What may surprise you is that alopecia is actually a very uncommon condition, and surprisingly few people in the world will every contract it. As a result, there is not nearly enough education on the condition, or what causes it. So, when people with alopecia are spotted on the streets, or in the supermarket, the natural assumption for many is that they have cancer. To help you better understand what alopecia is about, here are five key facts that you should definitely know.
Alopecia is an Autoimmune Disease
Yes, it is an autoimmune condition. What this means is that the immune system sees your hair follicles as a foreign body that is trying to harm you. As a result, it attacks and kills them, which leads to your hair falling out. It can also be classed as a chronic inflammatory disease, and there are three main types:
- Alopecia areata. Partial hair loss and patchiness on the head only.
- Alopecia totalis. Total hair loss on the head only. No patchiness.
- Alopecia universalis. Complete hair loss across the whole body, including lashes and brows.
It Can Affect Anyone
Alopecia doesn’t discriminate, and it can affect anyone, regardless of age or gender. There is also no exact cause, as experts haven’t been able to pinpoint what triggers the condition. Currently, it is thought that it is caused by the environment you are in (so, things like stress) or genetics. Sometimes, it can be a combination of both.
There is No Cure
Currently, there is no known cure for alopecia. There are some treatments available, but none of them will cure the condition. This is especially true for those under the age of 16, as the available treatments are not suitable for use alongside puberty. There are also some who may experience remission, where the symptoms leave, and the hair grows back naturally. However, the hair will almost always fall out again later.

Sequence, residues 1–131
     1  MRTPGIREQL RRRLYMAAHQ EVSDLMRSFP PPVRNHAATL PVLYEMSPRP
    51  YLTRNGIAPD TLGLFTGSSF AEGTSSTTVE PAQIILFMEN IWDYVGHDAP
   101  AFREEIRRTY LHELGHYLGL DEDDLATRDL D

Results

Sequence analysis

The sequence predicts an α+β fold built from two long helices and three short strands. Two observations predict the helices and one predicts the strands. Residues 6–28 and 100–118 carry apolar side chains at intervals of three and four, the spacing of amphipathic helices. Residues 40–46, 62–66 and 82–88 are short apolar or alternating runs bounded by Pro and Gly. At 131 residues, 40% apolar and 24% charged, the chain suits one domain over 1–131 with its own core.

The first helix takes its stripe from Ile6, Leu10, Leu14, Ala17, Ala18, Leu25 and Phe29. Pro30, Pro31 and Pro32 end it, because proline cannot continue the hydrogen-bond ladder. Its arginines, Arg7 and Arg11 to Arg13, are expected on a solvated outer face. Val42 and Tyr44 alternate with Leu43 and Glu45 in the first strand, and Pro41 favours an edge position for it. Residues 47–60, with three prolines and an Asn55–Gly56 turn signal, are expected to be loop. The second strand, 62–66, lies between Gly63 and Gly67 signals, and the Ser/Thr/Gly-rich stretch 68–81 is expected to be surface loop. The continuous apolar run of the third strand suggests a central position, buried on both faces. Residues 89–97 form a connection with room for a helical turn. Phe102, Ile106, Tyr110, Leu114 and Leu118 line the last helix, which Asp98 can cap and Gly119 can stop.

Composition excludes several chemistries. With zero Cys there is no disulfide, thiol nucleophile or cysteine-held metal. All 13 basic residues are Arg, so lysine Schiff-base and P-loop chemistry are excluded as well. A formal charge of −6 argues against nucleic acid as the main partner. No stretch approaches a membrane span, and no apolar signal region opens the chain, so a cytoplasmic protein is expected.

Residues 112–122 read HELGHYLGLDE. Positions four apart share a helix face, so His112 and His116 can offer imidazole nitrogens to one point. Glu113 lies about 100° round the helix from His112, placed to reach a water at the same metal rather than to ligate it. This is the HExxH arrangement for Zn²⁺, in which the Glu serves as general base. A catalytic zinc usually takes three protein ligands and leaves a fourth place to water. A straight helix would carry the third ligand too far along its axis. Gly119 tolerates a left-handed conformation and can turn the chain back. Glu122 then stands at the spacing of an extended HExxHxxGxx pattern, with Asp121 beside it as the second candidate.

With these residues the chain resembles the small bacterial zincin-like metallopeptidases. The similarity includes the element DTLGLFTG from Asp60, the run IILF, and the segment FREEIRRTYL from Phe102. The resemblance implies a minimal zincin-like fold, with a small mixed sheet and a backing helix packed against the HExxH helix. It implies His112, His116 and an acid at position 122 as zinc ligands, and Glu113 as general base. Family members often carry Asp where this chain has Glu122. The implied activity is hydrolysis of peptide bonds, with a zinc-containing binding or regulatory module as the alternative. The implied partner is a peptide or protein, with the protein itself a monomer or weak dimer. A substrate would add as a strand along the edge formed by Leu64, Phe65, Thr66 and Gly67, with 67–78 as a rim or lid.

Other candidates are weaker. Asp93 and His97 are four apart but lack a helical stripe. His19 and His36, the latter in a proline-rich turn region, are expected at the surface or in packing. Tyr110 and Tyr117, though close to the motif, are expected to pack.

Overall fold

It Can Have a Huge Emotional Impact
The emotional impact that alopecia can have on a person is huge. Losing all of your hair can change the way you look, and some people don’t even recognise themselves in the mirror anymore. It can be distressing, and horrific to go through, but the best thing is to seek help through counselling or group therapy sessions. Here are some of the things people with alopecia tend to experience:
- Lack of self-esteem and confidence
- Depression and anxiety
- Self-harm and suicidal behaviour
- Not wanting to go outside for fear of being seen
- Over or under eating
- Lack of motivation and productivity
- Not seeing a doctor or treating general illness
In Children, it is Best to Contract it Young
While it is awful for any child to end up with alopecia, studies have shown that it is better for it to develop before the age of six. This is because children in that age range are more accepting because they are less aware of physical differences. So, it is good for everyone as they learn to understand the child with the condition. After the age of six, physical appearance becomes more important, and differences are more likely to be noticed.
Hopefully, this has helped you to learn more about what alopecia is, how it impacts people, and a little more about what causes it. While it isn’t as serious as other autoimmune conditions, the impact on your mental health can be severe, and the fact that there is no cure can add to feelings of depression and worthlessness. If you, or someone you know, is suffering from alopecia, it is important to know that there is help and support out there. Plus, if you want to read more about the condition, there is a detailed guide on the topic you can read.